Reduced duplication of testing. Making current health information instantly available to physicians and others helps to ensure that they have timely access to data that show what tests have been ordered previously and/or by others in the practice, and what treatment has been prescribed. With this information at hand, physicians are less likely to order tests unnecessarily when they can’t be certain of testing history, and less likely to delay treatment due to time spent ascertaining what treatment the patient has undergone.

Administrative
Streamlined administrative tasks. Many EHR systems automate clinical and non-clinical tasks ranging from submitting refill requests to sending out patient appointment reminders. This removes the burden of having administrative staff perform such tasks manually. Automation of these duties also saves time and reduces the risk of potentially costly manual errors.

Improved staff efficiency. With patient chart information immediately available through a computer interface, administrative staff can much more efficiently handle tasks such as scheduling patient visits, contacting patients, and preparing patient information in advance of an appointment. EHR systems also increase staff efficiency by completely eliminating the need for certain tasks such as re¬entering data from handwritten notes.

Simpler, lower-cost records maintenance. Electronic records eliminate many complications and costs associated with paper-based systems. Electronic charts that can be easily indexed and searched, and that are readily accessible to everyone from physicians to office staff, using a simple computer interface, are easier to retrieve than paper records – and they make it much easier to find information.

Source: Making the Most of Technology Transitions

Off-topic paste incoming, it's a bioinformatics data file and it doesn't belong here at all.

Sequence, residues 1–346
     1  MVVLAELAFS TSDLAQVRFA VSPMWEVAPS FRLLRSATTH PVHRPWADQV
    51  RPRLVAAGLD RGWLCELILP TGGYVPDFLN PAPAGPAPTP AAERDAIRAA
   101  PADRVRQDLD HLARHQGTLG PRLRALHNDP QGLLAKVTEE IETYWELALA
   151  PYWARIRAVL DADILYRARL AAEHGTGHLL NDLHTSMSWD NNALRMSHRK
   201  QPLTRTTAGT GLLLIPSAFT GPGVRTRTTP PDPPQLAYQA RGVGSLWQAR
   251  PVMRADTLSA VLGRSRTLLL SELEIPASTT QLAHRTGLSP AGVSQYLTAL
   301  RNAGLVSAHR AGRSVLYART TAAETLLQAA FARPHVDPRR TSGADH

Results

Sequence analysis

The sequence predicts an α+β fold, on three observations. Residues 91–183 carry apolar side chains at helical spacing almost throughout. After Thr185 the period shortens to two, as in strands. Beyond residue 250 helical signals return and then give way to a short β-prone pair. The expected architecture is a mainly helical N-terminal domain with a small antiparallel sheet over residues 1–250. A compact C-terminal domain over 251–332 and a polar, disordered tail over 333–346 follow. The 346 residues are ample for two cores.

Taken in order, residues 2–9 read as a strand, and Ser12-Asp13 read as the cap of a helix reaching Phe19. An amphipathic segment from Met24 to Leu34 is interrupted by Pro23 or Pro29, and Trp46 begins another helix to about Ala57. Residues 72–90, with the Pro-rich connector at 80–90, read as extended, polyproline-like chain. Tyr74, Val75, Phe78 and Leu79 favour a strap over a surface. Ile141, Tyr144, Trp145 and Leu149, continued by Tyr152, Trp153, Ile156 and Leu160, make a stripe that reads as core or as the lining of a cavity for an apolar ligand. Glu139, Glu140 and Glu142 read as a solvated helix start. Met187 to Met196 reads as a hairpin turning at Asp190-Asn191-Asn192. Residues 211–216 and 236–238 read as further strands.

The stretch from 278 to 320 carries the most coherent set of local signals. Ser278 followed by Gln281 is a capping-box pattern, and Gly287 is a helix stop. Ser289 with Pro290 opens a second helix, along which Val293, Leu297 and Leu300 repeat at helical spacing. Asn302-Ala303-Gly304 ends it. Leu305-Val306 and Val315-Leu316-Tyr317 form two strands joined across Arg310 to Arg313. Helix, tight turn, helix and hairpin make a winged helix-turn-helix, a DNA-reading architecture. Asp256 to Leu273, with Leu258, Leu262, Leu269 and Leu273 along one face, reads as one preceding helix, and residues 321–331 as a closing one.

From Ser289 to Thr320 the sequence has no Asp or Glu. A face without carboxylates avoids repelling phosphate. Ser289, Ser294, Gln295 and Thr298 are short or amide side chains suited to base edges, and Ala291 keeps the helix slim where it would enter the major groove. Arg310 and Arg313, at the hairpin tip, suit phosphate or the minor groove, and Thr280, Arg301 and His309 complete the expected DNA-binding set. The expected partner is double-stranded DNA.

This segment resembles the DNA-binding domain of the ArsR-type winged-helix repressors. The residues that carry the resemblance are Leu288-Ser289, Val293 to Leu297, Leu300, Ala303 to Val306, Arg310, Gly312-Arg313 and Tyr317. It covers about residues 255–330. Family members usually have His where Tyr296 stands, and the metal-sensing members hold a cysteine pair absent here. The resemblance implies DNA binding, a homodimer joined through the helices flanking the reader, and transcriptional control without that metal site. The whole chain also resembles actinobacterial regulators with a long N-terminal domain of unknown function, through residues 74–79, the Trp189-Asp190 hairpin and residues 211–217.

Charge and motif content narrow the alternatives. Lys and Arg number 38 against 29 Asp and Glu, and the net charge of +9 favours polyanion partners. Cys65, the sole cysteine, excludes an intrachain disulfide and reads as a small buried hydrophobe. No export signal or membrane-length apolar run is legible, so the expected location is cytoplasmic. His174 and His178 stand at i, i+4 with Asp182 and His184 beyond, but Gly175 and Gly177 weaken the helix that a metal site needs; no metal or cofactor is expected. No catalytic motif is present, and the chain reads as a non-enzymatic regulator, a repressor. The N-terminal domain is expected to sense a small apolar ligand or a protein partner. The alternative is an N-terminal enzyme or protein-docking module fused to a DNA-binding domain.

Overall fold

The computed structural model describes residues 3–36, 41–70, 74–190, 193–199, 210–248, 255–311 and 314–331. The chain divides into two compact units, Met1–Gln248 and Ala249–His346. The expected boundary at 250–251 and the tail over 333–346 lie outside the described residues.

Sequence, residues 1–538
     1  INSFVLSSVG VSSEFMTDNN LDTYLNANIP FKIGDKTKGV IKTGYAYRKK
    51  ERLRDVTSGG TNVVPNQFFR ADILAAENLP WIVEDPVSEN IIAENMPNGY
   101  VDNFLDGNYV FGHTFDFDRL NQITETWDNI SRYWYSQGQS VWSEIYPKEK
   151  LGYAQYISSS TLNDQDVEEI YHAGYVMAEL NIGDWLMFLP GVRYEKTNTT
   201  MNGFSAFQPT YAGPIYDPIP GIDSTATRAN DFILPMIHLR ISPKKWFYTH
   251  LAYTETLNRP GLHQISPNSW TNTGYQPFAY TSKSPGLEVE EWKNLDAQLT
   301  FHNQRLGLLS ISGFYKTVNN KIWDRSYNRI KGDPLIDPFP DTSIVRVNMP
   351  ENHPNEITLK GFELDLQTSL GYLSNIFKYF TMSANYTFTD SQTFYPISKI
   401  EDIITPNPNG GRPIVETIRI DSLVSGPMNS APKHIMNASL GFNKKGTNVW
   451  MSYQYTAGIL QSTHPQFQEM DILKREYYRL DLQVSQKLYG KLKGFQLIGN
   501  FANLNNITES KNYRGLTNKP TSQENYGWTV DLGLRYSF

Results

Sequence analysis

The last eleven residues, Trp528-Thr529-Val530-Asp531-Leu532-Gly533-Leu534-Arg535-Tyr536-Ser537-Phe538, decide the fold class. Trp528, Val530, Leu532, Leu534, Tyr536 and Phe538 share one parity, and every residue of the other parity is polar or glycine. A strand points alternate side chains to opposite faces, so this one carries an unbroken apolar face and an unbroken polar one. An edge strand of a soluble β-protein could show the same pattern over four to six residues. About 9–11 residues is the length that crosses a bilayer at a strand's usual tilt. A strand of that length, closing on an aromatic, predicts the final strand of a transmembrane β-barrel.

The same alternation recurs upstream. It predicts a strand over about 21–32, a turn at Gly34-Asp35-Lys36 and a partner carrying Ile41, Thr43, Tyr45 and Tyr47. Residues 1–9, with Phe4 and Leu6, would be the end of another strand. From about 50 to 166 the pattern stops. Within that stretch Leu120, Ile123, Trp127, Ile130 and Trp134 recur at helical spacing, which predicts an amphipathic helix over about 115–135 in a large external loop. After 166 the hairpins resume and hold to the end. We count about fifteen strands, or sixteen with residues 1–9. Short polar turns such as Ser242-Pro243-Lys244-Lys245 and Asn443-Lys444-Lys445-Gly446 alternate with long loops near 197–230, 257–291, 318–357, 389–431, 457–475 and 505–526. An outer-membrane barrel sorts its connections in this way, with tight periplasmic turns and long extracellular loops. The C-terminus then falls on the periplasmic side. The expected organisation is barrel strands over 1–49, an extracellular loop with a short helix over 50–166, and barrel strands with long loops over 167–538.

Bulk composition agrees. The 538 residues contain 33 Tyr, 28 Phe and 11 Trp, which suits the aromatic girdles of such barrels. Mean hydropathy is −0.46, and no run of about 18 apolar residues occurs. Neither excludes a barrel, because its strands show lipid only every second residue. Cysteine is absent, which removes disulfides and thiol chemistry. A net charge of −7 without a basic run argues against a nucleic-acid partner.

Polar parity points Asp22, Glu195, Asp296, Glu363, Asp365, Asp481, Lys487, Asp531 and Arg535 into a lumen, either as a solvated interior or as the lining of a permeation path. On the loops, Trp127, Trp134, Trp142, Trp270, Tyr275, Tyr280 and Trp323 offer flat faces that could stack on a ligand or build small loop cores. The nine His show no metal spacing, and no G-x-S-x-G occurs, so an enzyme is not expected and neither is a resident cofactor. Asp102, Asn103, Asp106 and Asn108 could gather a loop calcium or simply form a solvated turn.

The above list of electronic health records benefits should have convinced you. But if you’re one of those dollars and cents people, fill in your information in the form below. You’ll get access to the
EHR / EMR vs Paper Return on Investment (ROI) Calculator spreadsheet

Bottom line,
It costs to implement EHR software, BUT electronic health records pays you back big dividends. If you plan to have a viable medical practice, Electronic Health Records will need to be in your future and in your medical practice.

Got questions?
about the HITECH Act, Electronic Health Records or the
Centers for Medicare Medicaid Services (CMS)
EHR incentive program
?

I invite you to claim free access to an informative interview audio titled

How To Convert To Electronic Health Records,
When I’m Completely Technology Adverse,
And Don’t Know Where To Start!
 

 
Is electronic health record adoption a mystery to you?

Don’t have the time or expertise?

Want to take advantage of EHR incentive money?

 

Call Sandra Noble at 404-374-3384 today to schedule a

FREE Consultation!

to find out about our

MUSICMeaningful Use System Implementation Consulting MUSIC
Meaningful Use System Implementation Consulting)
Program

providing

EHR Software, HITECH Act, and Meaningful Use assistance!

Sandra Noble
404-374-3384
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OBLE FINANCES
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OBLE & ASSOCIATES CONSULTING, INC